While the idea of recruiting HR professionals who also have expertise in the industry they're being sought to serve may sound great to hiring managers, it's not too easy to pull off. Sure, an engineering company can find good engineers, but it's much harder to find candidates for HR jobs who have majored in engineering or have experience working in the field.
That's because of the many barriers to recruiting non-HR students to HR jobs:
* Business students tend to flock to more popular jobs, such as marketing and finance.
* HR is just an elective course in many undergraduate business schools, not a requirement.
* HR often gets a reputation as tangential to the mission of the organization, not essential.
* Many students don't know what HR executives do on a day-to-day basis.
* Companies don't weigh their people decisions as highly as other decisions, making students think HR isn't as important as other functions.
John Boudreau, professor and research director at the Marshall School of Business at the University of Southern California, says past experiences with HR can also cause people to view HR in a negative light.
"I think they often come in with experiences of HR that were very administrative," he says, "so it's not that they don't value what HR does, but their impression of HR is often, 'They're there when you come in; they're there when you leave; I'm not sure what they do in the middle.' "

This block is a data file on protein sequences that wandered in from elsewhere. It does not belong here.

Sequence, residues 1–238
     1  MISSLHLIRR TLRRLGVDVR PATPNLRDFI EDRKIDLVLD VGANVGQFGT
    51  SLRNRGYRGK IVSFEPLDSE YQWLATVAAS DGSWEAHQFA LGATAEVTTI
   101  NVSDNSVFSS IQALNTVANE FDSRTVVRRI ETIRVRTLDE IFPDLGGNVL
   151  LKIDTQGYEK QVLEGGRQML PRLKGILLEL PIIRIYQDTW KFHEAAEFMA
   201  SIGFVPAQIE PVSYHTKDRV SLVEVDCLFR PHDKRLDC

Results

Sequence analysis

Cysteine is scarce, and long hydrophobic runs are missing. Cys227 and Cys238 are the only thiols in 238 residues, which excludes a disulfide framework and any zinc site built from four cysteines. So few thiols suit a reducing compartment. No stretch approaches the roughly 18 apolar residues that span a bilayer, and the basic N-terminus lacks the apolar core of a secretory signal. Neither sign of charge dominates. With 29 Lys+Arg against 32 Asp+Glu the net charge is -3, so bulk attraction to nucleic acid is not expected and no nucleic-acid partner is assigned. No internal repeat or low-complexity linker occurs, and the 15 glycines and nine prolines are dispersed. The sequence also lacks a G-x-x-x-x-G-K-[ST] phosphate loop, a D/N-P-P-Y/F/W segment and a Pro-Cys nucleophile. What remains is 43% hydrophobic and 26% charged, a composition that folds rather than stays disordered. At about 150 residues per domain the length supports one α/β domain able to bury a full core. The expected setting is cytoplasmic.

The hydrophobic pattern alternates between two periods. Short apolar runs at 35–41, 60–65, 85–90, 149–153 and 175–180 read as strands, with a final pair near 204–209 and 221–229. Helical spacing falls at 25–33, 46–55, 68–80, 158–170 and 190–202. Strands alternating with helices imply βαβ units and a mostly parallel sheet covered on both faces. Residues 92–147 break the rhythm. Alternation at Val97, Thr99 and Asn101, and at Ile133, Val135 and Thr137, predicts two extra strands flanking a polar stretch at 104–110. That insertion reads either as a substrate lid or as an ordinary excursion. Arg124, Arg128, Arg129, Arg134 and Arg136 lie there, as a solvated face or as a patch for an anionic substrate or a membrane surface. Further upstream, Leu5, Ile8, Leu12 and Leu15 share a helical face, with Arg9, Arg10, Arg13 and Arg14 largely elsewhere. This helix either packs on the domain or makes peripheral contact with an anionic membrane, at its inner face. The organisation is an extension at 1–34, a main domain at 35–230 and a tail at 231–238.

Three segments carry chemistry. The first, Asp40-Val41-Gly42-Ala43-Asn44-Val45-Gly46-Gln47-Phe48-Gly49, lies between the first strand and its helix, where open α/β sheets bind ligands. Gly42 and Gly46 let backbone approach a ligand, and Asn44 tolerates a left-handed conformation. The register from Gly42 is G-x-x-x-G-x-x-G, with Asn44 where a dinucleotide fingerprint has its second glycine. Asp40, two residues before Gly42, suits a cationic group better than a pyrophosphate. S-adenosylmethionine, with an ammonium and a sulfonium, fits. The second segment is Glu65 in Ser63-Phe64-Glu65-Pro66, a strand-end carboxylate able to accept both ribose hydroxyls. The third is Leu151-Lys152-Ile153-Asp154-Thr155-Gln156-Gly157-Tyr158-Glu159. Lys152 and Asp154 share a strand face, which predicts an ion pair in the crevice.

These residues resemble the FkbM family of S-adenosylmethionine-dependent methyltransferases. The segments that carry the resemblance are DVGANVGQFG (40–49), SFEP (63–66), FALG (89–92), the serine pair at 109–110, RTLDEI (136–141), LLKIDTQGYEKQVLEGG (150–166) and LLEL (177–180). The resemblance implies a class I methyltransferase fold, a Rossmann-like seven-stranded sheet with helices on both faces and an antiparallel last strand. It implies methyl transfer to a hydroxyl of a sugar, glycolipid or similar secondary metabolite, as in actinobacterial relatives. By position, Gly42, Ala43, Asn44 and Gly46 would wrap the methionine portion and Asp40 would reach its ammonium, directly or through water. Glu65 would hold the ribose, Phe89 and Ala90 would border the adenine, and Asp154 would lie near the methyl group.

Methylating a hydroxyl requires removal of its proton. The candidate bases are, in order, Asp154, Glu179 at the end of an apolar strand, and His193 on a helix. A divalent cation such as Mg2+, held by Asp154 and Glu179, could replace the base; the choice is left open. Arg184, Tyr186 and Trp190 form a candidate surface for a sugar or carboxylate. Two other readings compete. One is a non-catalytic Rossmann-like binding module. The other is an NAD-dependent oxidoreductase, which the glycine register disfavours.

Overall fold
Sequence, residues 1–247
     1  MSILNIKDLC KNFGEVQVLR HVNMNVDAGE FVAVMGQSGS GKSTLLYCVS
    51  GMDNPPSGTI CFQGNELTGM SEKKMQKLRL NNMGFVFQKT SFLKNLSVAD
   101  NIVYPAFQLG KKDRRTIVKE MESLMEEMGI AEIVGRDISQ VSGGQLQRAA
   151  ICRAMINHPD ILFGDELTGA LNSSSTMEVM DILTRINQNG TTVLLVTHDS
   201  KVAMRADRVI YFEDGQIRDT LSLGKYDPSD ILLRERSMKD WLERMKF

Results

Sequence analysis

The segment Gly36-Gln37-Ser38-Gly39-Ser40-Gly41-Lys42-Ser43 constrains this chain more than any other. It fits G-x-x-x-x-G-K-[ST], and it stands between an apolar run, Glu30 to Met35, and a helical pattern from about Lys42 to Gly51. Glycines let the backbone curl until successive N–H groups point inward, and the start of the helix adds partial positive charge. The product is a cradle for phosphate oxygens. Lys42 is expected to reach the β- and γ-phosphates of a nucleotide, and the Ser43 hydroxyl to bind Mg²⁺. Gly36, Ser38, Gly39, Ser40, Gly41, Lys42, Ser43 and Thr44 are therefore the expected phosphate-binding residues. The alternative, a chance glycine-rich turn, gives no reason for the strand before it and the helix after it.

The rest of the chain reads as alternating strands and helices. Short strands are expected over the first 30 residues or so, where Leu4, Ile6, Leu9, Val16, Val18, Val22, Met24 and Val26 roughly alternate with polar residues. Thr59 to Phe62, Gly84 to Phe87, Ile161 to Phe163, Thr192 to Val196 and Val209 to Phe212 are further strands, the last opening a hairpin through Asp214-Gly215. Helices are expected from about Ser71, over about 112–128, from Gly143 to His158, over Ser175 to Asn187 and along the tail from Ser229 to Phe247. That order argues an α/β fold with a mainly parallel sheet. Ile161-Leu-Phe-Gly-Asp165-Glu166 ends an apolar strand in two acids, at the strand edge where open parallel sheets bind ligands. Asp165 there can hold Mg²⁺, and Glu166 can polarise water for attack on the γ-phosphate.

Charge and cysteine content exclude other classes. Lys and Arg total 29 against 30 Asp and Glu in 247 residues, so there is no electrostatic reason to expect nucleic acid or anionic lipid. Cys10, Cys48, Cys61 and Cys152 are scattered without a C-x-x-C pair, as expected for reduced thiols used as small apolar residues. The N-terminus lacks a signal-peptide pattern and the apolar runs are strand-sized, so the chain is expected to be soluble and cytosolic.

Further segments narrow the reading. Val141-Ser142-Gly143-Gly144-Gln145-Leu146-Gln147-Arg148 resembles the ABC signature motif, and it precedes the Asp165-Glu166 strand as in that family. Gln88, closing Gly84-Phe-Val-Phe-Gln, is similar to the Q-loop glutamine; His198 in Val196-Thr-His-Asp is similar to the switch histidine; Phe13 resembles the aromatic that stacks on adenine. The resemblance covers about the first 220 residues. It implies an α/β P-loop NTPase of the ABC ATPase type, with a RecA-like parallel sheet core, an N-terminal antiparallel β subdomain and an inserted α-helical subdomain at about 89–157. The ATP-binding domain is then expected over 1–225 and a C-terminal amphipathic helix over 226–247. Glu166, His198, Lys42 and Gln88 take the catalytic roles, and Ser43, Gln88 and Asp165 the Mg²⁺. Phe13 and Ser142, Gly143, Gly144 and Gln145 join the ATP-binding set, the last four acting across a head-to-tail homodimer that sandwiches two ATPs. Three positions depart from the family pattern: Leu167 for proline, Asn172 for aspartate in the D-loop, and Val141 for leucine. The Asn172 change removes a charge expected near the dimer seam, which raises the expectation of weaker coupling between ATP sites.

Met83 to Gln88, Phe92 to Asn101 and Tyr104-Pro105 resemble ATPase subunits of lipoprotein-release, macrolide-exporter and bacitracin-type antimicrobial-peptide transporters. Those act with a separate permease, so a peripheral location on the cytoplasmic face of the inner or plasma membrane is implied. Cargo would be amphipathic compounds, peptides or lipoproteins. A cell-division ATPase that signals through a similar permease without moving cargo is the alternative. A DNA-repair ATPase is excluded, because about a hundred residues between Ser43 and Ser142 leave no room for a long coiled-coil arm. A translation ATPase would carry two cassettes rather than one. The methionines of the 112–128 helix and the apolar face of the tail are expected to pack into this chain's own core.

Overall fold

Still, HR leaders like Mirian Graddick-Weir, executive vice president of human resources at Merck, sing the praises of hiring non HR-students. She says she especially likes recruiting MBA students.
"They're getting a much broader education -- they're learning marketing, they're learning sales [and] operations, and then they're learning organizational behavior," says Graddick-Weir. "So they're ideal candidates to bring in because ... they're grounded in the business and we can rotate them into various functional areas in HR."